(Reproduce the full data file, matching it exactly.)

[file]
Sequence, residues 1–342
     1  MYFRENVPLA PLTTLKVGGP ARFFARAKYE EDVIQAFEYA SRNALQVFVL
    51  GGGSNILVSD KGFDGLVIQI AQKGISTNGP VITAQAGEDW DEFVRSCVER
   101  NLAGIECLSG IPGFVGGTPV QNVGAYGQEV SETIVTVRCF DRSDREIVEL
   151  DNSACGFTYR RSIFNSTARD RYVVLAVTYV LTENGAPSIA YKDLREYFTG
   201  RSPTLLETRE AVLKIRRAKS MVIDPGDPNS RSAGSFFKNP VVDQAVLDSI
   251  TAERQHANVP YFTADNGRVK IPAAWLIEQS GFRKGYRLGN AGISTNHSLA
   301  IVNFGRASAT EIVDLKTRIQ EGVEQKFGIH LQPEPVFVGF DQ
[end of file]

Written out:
Sequence, residues 1–342
     1  MYFRENVPLA PLTTLKVGGP ARFFARAKYE EDVIQAFEYA SRNALQVFVL
    51  GGGSNILVSD KGFDGLVIQI AQKGISTNGP VITAQAGEDW DEFVRSCVER
   101  NLAGIECLSG IPGFVGGTPV QNVGAYGQEV SETIVTVRCF DRSDREIVEL
   151  DNSACGFTYR RSIFNSTARD RYVVLAVTYV LTENGAPSIA YKDLREYFTG
   201  RSPTLLETRE AVLKIRRAKS MVIDPGDPNS RSAGSFFKNP VVDQAVLDSI
   251  TAERQHANVP YFTADNGRVK IPAAWLIEQS GFRKGYRLGN AGISTNHSLA
   301  IVNFGRASAT EIVDLKTRIQ EGVEQKFGIH LQPEPVFVGF DQ